The book’s publication is especially timely in this political moment, as we reflect on the stark, seemingly intractable problems of police misconduct and deep structural racism. Part of the push for reform must involve the simple act of listening, followed by the search for robust theoretical ideas with which to frame the debate.
In matters of policing and criminal justice, respect need not be utopian. It simply requires a degree of mutual understanding when it is owed to, called for, deserved, elicited, or claimed by another. With a sense of modest realism, the book sets out those challenges in detail—and envisages the advances that could be made—in inscribing respectful relations between state and subject.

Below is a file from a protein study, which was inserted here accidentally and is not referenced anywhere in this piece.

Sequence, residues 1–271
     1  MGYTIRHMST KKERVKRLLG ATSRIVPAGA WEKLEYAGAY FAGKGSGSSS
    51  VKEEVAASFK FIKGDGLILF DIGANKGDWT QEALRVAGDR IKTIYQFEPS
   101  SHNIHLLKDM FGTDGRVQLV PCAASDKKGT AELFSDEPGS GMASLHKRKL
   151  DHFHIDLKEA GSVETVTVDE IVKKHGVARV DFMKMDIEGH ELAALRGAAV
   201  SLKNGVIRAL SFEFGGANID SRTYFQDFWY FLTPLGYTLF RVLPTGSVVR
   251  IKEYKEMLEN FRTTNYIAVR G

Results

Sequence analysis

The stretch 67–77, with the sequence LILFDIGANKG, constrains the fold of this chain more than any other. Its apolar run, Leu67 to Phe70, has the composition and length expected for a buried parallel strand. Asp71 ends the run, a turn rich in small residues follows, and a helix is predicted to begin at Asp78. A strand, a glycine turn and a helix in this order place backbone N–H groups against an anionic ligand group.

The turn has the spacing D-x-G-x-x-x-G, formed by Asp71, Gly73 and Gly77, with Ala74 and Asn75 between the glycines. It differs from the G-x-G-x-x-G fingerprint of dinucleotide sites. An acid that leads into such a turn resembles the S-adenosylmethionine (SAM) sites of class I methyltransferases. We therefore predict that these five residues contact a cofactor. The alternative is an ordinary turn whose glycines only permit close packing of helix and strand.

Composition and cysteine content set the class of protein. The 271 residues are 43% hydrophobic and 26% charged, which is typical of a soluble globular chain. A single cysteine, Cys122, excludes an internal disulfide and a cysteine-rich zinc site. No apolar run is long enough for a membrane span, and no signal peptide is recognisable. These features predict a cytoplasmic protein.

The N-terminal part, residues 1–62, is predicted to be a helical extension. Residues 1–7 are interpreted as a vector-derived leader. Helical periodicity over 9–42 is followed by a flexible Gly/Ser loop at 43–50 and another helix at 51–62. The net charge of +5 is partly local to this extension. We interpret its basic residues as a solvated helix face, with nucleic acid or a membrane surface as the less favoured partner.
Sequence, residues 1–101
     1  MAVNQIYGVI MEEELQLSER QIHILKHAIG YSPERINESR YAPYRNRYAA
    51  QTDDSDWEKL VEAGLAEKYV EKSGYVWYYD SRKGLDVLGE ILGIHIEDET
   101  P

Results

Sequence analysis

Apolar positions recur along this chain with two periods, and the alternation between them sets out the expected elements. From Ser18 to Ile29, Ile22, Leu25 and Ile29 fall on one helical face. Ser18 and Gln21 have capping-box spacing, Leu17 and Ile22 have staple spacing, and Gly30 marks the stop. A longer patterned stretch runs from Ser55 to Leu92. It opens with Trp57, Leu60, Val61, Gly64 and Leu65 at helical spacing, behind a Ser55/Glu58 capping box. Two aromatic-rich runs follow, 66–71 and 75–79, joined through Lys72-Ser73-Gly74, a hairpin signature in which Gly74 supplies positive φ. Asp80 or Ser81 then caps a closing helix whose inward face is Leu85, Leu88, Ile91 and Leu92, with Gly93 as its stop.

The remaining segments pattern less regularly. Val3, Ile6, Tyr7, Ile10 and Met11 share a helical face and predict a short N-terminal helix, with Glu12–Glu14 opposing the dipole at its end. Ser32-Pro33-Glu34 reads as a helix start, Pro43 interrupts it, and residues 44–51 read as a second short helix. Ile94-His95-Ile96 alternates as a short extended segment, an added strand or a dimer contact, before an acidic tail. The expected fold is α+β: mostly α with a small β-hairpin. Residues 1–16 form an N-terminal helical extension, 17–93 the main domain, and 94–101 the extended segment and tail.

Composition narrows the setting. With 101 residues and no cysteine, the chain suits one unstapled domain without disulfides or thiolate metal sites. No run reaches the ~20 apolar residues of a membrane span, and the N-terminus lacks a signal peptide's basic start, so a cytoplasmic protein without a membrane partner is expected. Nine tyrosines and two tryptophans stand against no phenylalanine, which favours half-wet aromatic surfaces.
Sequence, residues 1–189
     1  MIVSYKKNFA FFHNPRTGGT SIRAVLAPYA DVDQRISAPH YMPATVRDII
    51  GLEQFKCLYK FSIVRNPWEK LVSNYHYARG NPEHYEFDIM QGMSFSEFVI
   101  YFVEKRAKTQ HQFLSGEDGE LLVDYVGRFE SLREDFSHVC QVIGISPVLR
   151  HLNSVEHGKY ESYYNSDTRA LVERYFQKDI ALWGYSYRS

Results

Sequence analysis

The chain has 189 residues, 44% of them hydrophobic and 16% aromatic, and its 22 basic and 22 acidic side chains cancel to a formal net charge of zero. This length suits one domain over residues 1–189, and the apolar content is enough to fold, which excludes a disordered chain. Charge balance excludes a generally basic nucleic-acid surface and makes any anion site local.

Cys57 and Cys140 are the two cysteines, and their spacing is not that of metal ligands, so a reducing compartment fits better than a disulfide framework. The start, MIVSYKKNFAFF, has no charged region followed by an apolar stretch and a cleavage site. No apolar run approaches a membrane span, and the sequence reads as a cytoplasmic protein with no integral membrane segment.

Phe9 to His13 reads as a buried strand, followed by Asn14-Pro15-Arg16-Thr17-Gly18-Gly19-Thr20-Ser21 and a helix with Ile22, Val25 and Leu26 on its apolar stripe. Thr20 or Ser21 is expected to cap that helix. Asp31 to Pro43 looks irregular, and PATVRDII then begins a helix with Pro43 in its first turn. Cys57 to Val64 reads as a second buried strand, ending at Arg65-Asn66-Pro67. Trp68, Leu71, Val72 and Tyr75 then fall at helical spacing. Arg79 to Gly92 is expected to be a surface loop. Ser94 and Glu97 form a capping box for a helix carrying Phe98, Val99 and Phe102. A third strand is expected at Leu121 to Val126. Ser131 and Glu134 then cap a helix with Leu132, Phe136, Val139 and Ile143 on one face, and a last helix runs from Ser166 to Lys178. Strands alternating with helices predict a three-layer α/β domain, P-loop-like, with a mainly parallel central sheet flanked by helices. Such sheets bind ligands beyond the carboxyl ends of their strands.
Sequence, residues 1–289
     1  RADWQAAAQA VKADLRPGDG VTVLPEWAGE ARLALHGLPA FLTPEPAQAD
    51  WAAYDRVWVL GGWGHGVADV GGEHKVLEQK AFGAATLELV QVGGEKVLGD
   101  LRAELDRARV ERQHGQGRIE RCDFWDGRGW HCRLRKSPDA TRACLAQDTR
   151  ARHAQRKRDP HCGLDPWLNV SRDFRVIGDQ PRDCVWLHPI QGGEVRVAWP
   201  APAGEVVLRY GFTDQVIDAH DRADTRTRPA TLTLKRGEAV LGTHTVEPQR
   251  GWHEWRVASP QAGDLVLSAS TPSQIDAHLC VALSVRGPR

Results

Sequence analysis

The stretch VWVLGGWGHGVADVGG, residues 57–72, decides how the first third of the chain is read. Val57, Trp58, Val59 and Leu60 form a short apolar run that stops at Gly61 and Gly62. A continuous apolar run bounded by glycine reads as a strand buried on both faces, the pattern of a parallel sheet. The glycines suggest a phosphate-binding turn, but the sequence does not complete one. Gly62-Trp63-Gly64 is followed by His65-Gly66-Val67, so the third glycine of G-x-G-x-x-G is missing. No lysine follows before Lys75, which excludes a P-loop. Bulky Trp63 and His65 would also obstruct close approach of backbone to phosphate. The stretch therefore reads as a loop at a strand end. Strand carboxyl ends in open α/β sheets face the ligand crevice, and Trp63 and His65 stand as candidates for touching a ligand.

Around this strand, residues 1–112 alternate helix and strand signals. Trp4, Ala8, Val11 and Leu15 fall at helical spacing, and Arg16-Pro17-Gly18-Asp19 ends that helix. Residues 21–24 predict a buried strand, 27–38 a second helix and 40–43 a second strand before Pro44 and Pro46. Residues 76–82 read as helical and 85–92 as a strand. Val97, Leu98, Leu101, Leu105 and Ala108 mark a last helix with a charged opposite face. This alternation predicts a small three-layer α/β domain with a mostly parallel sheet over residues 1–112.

The Clarendon series provides a forum for work in all aspects of criminology and criminal justice, broadly defined. It is among the most prestigious in the field, having published modern classics including Sparks, Bottoms and Hay’s Prisons and the Problem of Order (1996) and Liebling’s Prisons and their Moral Performance (2004). It is the successor to the Cambridge Studies in Criminology series, inaugurated by Sir Leon Radzinowicz—the ‘founding father’ of British criminology—and JWC Turner 80 years ago.
Gabrielle is the Shaw Foundation Fellow in Law at Lincoln College, Oxford. She completed work on the book as a Leverhulme Early Career Fellow in the Faculty of Law and Postdoctoral Research Fellow in Law at Christ Church, Oxford.